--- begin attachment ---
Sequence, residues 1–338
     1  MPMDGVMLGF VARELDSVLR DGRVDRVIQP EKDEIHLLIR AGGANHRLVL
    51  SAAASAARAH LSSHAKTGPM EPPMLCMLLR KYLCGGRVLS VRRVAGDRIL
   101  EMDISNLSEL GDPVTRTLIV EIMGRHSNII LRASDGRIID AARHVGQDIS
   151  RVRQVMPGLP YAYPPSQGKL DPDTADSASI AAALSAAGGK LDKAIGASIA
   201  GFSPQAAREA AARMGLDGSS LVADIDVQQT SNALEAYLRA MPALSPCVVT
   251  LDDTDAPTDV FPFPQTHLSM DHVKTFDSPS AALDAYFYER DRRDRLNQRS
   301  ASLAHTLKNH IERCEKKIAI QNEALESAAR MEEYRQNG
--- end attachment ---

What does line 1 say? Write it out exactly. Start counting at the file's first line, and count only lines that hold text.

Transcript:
Sequence, residues 1–338